Sorry but it is simply a bad idea to put any sort of water absorbing material inside the door cavity. It will be soaking wet after it rains.
 

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This is honestly the first I've ever heard of water getting into the doors of a car. If water was getting inside of my car doors, I'd be more worried about an electrical short with the wiring than anything. I really doubt there is anything to worry about with putting sound deadening into the doors. Whether or not it can absorb water. As long as it absorbs the sound, I'm good.
 

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Water definitely gets inside the doors. It then drains out tiny openings at the bottom. There is typically a plastic sheet seal between the inner trim panel and the metal of the door, as a barrier between the inner door cavity and the passenger compartment. But yeah, it is routine to get water inside the door. The rubber trim on the outside of the glass is not fully sealed, and the cavity inside the door is not by any means watertight. It is watertight from the cavity to the passenger compartment, but the cavity itself routinely is exposed to water.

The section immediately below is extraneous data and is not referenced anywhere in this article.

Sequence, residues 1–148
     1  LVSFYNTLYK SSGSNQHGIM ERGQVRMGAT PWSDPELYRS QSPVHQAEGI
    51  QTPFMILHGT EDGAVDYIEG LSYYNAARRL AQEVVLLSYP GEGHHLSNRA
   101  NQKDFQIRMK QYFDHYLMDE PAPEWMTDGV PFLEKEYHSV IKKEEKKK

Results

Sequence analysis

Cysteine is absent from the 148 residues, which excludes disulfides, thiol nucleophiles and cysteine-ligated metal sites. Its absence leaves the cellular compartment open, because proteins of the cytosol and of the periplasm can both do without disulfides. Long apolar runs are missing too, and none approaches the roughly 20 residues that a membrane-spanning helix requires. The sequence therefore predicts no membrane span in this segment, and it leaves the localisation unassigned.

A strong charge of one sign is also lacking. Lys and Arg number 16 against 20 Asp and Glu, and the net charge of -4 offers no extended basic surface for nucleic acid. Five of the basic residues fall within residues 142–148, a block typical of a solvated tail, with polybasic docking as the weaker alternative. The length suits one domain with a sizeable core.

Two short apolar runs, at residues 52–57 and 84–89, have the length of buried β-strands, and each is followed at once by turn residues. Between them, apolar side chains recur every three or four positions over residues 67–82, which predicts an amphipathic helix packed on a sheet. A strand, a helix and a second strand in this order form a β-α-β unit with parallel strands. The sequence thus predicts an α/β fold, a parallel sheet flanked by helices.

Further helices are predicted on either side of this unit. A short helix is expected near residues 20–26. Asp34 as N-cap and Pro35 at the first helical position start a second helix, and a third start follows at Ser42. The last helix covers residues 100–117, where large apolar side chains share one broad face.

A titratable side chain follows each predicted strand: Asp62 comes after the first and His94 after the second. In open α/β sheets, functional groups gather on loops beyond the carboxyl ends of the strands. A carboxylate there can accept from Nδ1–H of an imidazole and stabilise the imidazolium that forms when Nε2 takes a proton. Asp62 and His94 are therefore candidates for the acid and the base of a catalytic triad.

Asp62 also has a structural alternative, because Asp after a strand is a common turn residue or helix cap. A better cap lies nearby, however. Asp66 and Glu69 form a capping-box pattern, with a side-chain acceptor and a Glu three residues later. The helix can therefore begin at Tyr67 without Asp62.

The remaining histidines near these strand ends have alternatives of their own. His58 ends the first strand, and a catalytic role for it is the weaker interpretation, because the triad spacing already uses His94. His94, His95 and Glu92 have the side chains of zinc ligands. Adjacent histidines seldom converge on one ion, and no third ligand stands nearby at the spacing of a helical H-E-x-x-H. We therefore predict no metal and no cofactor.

You definitely do not want to put anything in that door cavity that is absorbent.
 

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Sorry to be critical but doors are not designed to keep all water out of the door cavity. There are drains at the bottom to let any water ingress out. I gotta ask what happens when your carpet underlayment gets soaking wet?
I've probably did not explain it details enough. I got the underlay between the door card and the inner metal skin. Only a very small patch was stick to the metal panel behind the speaker using the glue. Yes, I was aware of the water issue.
 

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Discussion Starter #155
Does anyone have a handy guide for removing the door elements to install the sound deadening? I'm terrified of breaking the clips!